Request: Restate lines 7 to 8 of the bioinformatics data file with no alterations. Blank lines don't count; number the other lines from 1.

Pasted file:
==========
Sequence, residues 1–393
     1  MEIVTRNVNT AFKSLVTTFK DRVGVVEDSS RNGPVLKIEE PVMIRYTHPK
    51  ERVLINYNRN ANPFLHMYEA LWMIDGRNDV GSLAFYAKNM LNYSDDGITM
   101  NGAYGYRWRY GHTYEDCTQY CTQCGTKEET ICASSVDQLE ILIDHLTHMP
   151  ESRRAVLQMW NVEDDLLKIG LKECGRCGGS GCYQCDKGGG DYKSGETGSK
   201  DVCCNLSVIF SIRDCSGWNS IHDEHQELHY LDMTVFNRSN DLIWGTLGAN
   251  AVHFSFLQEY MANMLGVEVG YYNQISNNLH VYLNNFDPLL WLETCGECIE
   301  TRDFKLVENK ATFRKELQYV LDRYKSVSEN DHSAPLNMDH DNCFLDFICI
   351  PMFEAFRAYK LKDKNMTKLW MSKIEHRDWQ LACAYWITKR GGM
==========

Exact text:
   251  AVHFSFLQEY MANMLGVEVG YYNQISNNLH VYLNNFDPLL WLETCGECIE
   301  TRDFKLVENK ATFRKELQYV LDRYKSVSEN DHSAPLNMDH DNCFLDFICI